The high salinity of this water caused the city’s pipes to begin eroding, which then leached lead into the city’s water.
Few issues have as much impact on the future as climate change. Sadly, the issue of climate change has taken a backseat to economic policy, divisive cultural issues, and the threat of terrorism. The main reason for this is the media coverage of these issues.
Shortly after the Paris climate agreement was reached, both the Republicans and Democrats held presidential debates in the US, and not once in either debate was the Paris accord or the overall issue of climate change addressed by the moderators of those debates. The media doesn’t believe that climate change is a marketable idea, so they focus on issues that are more divisive and sensationalized in order to attract more viewers.
Another factor driving this selective coverage is the mentality of our aging politicians.
TransCanada is suing the U.S. government for blocking the construction of the Keystone XL pipeline. The company argued in their federal court filings that President Obama had overstepped his Constitutional powers in putting the brakes on the project.
The company is seeking $15 billion in damages from the federal government in a lawsuit brought under the North American Free Trade Agreement (NAFTA).
This move by TransCanada was entirely predictable, as I wrote back in May 2013:
According to the numbers, 2015 ranked as the second hottest year on record.
The National Oceanic and Atmospheric Association (NOAA) said that the average temperature in the United States for 2015 was 54.4 degrees Fahrenheit, which is only 1.1 degrees lower than the highest average temperatures on record for the year 2012.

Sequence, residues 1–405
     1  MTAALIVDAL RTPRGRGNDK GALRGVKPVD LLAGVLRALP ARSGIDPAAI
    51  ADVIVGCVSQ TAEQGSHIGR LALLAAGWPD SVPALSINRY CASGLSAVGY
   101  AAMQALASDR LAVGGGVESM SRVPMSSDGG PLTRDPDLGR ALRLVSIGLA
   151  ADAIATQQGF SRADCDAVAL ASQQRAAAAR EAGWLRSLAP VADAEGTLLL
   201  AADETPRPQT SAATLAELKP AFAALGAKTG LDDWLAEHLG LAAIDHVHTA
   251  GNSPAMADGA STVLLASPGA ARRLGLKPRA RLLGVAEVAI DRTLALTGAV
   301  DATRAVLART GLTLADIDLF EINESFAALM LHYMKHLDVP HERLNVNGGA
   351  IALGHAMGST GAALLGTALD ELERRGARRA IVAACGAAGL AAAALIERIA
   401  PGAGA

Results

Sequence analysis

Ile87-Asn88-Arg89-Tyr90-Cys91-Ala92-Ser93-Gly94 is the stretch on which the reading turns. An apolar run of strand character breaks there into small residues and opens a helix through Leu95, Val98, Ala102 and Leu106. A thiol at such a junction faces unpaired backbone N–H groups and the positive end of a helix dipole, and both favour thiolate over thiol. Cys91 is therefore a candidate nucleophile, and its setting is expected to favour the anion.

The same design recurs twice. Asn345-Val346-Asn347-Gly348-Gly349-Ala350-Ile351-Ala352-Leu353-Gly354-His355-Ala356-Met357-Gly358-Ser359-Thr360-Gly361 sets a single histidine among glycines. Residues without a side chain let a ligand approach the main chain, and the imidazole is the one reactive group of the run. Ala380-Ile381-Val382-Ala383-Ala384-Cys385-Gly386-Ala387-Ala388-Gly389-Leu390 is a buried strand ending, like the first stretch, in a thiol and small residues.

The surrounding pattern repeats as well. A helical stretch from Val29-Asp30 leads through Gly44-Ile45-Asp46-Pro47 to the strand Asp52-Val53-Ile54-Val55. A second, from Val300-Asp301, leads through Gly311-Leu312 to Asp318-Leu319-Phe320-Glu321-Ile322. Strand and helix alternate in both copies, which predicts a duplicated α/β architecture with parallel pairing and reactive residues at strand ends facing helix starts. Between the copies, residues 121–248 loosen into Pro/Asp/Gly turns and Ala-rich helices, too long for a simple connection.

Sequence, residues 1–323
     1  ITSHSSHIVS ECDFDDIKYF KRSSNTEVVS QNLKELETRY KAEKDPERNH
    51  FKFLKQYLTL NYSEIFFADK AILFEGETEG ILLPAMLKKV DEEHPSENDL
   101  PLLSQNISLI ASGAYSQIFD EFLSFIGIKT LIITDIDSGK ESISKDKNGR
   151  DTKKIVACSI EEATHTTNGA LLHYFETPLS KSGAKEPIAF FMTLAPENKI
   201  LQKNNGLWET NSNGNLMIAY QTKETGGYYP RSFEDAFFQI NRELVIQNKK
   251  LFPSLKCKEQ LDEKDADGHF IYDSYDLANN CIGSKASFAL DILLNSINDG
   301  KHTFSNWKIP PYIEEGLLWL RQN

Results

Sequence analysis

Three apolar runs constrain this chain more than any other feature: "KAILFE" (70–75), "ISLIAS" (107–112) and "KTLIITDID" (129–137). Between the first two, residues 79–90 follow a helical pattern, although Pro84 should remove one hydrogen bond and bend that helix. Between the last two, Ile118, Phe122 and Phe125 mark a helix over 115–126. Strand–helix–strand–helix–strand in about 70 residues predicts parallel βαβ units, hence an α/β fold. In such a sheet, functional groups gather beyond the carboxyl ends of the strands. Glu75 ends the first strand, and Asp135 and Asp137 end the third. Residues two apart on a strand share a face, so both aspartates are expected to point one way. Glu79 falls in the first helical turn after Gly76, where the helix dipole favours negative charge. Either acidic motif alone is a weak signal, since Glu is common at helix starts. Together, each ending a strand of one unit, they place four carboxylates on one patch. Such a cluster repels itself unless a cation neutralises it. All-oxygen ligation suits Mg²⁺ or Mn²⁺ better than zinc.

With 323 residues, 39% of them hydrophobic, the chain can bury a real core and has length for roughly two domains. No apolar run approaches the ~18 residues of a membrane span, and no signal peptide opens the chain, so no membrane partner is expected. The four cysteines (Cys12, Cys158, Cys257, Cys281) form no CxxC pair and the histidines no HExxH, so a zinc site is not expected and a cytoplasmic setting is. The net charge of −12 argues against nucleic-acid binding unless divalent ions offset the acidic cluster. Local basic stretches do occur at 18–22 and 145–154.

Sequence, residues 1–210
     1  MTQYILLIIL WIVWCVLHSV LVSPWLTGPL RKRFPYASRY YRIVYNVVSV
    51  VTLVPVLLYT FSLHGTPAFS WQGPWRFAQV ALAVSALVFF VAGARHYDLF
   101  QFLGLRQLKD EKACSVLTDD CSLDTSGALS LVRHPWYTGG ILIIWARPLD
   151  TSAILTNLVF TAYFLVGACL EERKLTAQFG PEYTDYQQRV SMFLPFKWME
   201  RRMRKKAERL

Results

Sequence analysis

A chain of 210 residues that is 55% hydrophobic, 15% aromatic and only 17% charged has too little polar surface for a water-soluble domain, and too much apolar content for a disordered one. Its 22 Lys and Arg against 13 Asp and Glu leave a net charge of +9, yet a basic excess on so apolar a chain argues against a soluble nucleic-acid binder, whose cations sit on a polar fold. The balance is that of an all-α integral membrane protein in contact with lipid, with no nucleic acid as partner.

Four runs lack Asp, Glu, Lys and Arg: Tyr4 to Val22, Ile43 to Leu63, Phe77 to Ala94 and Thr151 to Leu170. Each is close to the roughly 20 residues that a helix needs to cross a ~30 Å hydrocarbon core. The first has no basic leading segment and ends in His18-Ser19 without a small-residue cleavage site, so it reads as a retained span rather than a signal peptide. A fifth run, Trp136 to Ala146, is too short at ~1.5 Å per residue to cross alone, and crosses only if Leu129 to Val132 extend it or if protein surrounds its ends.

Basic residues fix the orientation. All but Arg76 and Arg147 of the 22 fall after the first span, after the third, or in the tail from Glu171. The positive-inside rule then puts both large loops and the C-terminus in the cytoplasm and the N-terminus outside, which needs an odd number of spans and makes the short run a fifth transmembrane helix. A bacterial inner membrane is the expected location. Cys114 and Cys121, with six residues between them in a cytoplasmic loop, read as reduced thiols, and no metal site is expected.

2015 marked the 19th straight year that average temperatures in the United States surpassed the average temperatures for the 20th century.
Environmental victories are rare. Even with mounting scientific evidence that reckless human activities are endangering our future, politicians and corporations have continued to run roughshod over the planet, destroying the very home that sustains our lives.
For too long, environmentalists were seen as a small part of a political movement that focused on an issue that most Americans greeted with a yawn. After all, the most damning climate science has emerged at a time when the threat of global terrorism and economic downturns were grabbing all of the headlines.
But 2015 signaled a change for the environmental movement.
The agreement that was hammered out in Paris at the recent climate talks will be a great step forward towards addressing the growing threat of climate change. But lost amongst the applause for the accord is a question that needs to be answered: Why did it take so long, and are we too late?
Two weeks ago, memos from the George H.W. Bush administration were released that detailed conversations between Bush Sr.’s cabinet members, where they discussed the growing threat of global climate change…27 years ago.
The Hill has posted parts of those conversations:
Lamar Smith, the Republican Chairman of the House Committee on Science, Space, and Technology, has launched a one-man crusade to discredit climate scientists whom he believes are only working to advance President Obama’s climate initiatives.
In October, Smith began fighting with the National Oceanic and Atmospheric Administration (NOAA) over a study it published showing that climate change had not paused or slowed down — a finding that irks climate science deniers who attempt to argue the opposite, incorrect view.